December 3, 2021
Climate change is upsetting bees, scientists find
RIVERSIDE – (INT) – Researchers are finding that impacts of climate change are not limited to weather extremes.

Bumblebees pollinate many of our favorite foods, but their own diet is being upset by climate change, according to a new study out of UC Riverside.

There’s a sweet spot where floral nectar that bees eat has just the right balance of microbes like bacteria and yeast in it. Hotter weather can upset the balance, endangering the bees’ health and potentially, our own.

A new study in the journal Microbial Ecology examines the effects of these nectar composition changes on an American bumblebee. Without bumblebees, who perform a type of pollination that honeybees do not, it would be difficult to mass produce food crops like tomatoes, blueberries, peppers, or potatoes.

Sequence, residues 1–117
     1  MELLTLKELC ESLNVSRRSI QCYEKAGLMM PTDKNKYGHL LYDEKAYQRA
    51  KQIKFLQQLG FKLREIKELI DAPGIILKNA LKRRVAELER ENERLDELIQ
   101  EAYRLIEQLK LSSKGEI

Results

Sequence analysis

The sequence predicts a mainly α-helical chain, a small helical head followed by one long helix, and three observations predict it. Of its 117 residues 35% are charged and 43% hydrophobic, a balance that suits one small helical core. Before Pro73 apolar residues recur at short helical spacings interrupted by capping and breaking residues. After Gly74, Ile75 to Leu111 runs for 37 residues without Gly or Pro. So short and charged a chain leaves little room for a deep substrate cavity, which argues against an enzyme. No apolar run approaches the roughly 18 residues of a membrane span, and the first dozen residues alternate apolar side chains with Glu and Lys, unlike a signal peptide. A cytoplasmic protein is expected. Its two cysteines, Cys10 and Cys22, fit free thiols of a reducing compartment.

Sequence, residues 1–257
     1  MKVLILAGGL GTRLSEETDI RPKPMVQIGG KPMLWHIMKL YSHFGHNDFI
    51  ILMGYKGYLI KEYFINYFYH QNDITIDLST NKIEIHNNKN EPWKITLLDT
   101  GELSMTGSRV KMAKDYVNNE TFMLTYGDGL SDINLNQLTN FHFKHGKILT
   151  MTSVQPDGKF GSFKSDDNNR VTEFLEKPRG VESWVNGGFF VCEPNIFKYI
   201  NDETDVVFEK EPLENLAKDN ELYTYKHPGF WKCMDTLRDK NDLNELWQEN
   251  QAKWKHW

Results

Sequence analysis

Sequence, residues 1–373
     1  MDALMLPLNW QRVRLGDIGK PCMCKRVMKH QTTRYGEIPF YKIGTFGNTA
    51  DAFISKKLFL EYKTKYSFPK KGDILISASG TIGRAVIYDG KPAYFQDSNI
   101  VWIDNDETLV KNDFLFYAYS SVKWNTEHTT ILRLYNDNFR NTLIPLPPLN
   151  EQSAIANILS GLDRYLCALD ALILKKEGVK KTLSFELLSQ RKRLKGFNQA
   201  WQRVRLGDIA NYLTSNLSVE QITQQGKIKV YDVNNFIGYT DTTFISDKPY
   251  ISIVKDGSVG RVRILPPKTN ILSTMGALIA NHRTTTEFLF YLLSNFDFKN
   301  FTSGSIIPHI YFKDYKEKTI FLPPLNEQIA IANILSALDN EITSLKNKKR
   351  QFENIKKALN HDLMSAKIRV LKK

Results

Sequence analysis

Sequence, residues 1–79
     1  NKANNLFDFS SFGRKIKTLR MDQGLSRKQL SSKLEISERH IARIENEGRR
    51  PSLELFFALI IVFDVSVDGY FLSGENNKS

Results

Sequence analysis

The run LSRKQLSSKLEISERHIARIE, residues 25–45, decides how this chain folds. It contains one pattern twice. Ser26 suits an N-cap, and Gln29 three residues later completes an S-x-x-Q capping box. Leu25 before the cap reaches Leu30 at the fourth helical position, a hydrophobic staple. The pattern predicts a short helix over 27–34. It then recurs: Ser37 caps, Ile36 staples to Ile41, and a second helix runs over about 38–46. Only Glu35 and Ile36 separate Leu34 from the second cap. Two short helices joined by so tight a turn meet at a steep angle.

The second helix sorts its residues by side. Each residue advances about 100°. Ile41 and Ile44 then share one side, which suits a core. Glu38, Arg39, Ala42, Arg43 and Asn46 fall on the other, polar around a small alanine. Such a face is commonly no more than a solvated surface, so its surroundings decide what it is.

“Micro changes in floral nectar may alter the way bees forage and look for food, affecting their health and in turn, potentially affecting human health, by reducing the availability of fresh foods,” said UCR entomologist and study lead Kaleigh Russell.

Bumblebees do enjoy nectar with some microbes in it, but too much of a good thing can deter them, Russell said.
With even a small increase in temperature, microbes’ metabolism speeds up, causing them to reproduce more and eat up a higher percentage of the sugars in the nectar. “Less sugar means the nectar could be less palatable for our pollinators,” Russell said.

To test the bumblebees’ taste preferences, Russell made nectar in a laboratory. Some was sterile and some contained microbes, and she grew both at a lower and a higher temperature.

The lower temperature, 80.6 degrees Fahrenheit, represents the average springtime high for Riverside in 2017. The higher temperature, 89.6 F, corresponds with what the predicted average temperature will be at the end of the century due to climate change.
Story Date: November 29, 2021
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